When Lil Nas X dons a pink wig and stands on the stage of the Coliseum being stoned? LGBTQIA+ people have been killed for being who they are forever. Think about how many trans women, especially women of color have died this year alone. And thanks to his religious upbringing, he assumes he’ll go to Heaven, only to be sent to Hell upon discovery of who he really is. So if you’re going to Hell anyway, why not fucking enjoy it? Slide down that stripper pole, and make no apologies for it. (Also, how fucking impressive are his pole skills? Amazing.)

People are trying to say that by giving a version of Satan a lap dance, Lil Nas X is like, a devil worshipper or something. Sounds fake, but okay sure, Jan. Again, not religious or anything, but I think this moment is something we call symbolism. I interpret him giving the devil a (very impressive) lap dance as him truly accepting his sexuality in an open forum. Kind of like an “if you can’t beat ‘em, join ‘em” kind of thing. If people already think he’s going to Hell because he’s gay, not only is he going to go, but he’s going to lean all the way into it. It seems that making this video is his way of making peace with who he is, and who he thought he had to be.

There is an argument that because “Old Town Road” was such a hit with kids, that Lil Nas X is somehow a children’s music artist. I’m sorry, but if you want your kids listening to children’s music, that’s what The Wiggles are for. He’s a Top-40 radio artist who just happened to make a song that’s popular with children. There’s no way he should have to censor his music for an audience he didn’t ask for. Mainstream music artists aren’t making music for children. If children happen to like it, that’s great. But we have to stop thinking that they owe parents and children something. This is the same conversation I remember having a teen with my mother when Britney Spears was super popular. If a 21-year-old musician wants to create music using the word “fuck,” that’s his business. Stop trying to dictate what kind of music artists create.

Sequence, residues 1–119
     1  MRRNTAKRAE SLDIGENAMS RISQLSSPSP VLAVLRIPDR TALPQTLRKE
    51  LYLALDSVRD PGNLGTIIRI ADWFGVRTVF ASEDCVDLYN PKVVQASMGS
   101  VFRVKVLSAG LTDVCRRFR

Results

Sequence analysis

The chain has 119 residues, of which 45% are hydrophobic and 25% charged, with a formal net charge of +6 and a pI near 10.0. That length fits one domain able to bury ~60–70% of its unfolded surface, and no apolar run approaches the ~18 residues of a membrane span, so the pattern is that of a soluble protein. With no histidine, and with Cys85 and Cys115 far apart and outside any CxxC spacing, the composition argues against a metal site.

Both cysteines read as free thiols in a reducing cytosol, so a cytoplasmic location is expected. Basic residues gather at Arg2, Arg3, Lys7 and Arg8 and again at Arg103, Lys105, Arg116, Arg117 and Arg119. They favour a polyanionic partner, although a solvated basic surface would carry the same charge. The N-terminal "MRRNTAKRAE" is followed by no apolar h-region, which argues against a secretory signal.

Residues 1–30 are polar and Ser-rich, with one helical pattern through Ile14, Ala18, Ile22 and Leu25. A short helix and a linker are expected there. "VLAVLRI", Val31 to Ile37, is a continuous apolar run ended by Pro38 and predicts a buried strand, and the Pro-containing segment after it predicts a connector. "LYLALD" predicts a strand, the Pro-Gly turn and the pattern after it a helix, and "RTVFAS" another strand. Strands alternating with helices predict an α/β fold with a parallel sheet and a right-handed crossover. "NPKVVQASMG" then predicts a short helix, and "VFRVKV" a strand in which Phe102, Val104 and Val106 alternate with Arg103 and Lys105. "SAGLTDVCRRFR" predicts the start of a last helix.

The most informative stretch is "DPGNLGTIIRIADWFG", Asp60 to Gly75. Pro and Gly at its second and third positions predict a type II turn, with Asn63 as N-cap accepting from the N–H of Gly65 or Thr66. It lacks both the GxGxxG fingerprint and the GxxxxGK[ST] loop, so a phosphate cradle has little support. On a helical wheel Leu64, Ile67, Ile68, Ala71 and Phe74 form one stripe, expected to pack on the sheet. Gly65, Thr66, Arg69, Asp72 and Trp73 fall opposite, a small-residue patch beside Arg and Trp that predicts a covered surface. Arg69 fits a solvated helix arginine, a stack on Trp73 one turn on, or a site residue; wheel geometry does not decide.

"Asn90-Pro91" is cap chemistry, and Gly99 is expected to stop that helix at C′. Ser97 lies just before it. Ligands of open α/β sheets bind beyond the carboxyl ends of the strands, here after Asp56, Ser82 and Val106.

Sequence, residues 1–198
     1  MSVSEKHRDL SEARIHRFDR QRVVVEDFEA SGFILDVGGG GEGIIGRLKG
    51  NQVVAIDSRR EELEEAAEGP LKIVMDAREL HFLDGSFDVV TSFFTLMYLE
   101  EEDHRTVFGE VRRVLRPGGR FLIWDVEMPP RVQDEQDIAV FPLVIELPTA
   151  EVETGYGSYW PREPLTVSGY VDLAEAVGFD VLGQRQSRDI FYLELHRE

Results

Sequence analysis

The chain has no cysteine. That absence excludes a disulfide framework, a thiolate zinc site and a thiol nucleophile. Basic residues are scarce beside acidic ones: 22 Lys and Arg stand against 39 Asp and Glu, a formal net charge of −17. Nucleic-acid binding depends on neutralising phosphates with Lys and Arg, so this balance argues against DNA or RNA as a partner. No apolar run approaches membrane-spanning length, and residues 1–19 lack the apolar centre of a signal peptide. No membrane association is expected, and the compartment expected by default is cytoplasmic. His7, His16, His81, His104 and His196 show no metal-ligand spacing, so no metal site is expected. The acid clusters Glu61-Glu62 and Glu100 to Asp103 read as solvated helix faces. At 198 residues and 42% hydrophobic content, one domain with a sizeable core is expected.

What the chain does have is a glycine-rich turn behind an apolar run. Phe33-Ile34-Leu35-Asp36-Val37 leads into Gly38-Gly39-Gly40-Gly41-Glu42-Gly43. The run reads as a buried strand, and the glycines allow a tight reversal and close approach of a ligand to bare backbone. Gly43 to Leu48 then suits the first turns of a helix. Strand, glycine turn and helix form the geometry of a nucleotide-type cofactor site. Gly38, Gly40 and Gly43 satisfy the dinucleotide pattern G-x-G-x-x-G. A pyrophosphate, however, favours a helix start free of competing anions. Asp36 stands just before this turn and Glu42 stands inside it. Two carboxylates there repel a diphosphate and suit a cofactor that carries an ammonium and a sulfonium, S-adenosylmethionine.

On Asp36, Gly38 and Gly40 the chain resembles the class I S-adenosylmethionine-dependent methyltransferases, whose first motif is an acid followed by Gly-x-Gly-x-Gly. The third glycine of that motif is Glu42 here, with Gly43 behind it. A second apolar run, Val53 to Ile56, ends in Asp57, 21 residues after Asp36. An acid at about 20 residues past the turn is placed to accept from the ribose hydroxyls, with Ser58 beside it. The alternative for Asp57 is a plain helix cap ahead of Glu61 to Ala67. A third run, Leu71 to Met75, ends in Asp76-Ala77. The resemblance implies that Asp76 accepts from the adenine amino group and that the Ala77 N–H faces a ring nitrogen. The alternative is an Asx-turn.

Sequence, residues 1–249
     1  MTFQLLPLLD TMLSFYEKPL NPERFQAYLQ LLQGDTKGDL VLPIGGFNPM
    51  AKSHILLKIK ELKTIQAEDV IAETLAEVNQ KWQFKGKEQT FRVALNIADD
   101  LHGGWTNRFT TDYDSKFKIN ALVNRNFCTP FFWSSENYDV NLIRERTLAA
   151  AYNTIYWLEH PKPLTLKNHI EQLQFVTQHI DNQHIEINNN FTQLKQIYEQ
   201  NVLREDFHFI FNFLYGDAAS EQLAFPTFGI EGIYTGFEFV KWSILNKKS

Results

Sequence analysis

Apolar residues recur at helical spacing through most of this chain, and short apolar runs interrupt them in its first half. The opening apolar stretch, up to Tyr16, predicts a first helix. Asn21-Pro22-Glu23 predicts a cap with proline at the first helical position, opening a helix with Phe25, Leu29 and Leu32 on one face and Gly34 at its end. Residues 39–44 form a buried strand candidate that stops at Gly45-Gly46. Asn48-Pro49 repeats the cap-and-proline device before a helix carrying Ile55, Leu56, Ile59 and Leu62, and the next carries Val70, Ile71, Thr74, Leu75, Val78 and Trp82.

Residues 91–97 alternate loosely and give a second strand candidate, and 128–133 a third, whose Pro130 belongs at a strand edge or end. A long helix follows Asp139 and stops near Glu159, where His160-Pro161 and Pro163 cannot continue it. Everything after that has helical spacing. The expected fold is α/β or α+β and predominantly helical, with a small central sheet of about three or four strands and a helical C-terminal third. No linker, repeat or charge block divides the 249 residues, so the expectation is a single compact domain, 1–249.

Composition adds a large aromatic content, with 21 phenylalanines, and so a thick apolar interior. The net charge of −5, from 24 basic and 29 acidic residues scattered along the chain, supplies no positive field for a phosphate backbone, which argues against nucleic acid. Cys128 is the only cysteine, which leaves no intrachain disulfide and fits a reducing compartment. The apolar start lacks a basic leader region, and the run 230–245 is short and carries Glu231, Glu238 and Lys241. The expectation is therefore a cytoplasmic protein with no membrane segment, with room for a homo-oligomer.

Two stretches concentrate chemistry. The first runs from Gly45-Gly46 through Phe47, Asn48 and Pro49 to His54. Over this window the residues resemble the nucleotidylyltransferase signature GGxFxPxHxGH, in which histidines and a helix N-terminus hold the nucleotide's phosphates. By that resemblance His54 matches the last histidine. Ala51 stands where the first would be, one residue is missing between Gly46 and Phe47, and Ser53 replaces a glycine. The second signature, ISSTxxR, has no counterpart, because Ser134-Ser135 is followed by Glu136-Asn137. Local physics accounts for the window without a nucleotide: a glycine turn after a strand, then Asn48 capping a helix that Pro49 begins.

I’m the mother of a seven-year-old boy. He’s a big fan of Lil Nas X because his kindergarten teacher used to play “Old Town Road.” But I’ve shown him other songs and videos so he understands that he is more than that one song. I don’t shield him from anything, so my son is aware that the guy he thinks is “cool” is also gay. We haven’t shown him the video for “Call Me By Your Name” yet, but he’s heard the song and loves it. I did tell him he can’t say the grownup words out loud, but that was it. Honestly, he’s going to love the video because he loves fantasy and dress-up and playing pretend. And that’s all the video is — make believe.

And while we’re on that, what about the little queer kids out there? They need to see that there are musicians out there like them. We talk about representation mattering, but it goes past instances of race. Kids who are or may be queer deserve to have idols who are openly queer too. Lil Nas X has been very open about how his childhood influences his own desire to be open about his sexuality. Many queer kids spend much of their childhoods being told they’re less than. So imagine the kids out there who somehow see themselves in Lil Nas X. Their lives could be changed by this video. Especially Black queer kids, and doubly so for those who live in religious households.

At the end of the day, Lil Nas X is a musician and a creative artist. Only he can say how he chooses to share his work. And you can have issues with the way he chooses to do so, but you need to sit with why it bothers you, and not try to make it solely about him.